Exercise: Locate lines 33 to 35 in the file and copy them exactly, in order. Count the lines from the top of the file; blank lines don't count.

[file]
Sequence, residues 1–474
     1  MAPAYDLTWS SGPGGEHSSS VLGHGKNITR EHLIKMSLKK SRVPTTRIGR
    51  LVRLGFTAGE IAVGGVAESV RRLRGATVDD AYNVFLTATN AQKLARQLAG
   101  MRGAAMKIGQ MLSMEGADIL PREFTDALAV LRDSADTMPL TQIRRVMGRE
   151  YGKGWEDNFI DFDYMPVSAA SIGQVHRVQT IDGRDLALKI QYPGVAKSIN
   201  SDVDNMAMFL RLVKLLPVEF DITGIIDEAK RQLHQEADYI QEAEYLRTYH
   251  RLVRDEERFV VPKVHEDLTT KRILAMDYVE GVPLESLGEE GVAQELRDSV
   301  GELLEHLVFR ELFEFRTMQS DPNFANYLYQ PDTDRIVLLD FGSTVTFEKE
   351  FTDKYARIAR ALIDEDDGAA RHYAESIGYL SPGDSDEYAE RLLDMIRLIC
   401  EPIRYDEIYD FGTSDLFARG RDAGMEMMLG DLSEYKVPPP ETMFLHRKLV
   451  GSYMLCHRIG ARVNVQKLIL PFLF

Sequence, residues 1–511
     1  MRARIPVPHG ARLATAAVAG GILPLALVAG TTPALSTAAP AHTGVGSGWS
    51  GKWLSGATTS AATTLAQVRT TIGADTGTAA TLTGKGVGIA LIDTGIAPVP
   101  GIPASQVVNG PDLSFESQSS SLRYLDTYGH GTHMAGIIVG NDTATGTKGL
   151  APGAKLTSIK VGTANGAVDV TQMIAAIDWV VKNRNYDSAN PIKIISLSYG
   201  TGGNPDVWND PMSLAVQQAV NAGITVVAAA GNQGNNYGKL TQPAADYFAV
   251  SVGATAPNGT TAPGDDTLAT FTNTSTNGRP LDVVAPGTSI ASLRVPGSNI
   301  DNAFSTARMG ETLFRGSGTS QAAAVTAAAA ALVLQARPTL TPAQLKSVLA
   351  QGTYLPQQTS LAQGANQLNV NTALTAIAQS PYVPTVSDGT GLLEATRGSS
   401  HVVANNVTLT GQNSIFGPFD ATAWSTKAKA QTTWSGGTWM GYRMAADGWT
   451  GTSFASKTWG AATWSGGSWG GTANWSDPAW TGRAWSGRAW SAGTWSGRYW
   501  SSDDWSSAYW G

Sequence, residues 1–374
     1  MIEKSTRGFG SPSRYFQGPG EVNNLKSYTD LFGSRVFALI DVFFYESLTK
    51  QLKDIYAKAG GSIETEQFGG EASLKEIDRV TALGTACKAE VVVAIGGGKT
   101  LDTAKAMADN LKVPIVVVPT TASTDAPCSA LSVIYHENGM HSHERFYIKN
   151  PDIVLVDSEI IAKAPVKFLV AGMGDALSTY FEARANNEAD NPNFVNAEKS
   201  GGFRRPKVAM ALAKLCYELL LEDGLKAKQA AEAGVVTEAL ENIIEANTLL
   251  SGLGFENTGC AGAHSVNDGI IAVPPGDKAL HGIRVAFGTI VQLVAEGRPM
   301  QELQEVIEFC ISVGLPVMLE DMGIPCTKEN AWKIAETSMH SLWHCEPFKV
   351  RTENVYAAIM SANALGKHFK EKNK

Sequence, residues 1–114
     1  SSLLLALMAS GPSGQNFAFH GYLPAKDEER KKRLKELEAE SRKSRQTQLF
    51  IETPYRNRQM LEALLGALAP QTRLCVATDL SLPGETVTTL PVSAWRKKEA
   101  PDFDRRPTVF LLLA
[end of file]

Sequence, residues 1–114
     1  SSLLLALMAS GPSGQNFAFH GYLPAKDEER KKRLKELEAE SRKSRQTQLF
    51  IETPYRNRQM LEALLGALAP QTRLCVATDL SLPGETVTTL PVSAWRKKEA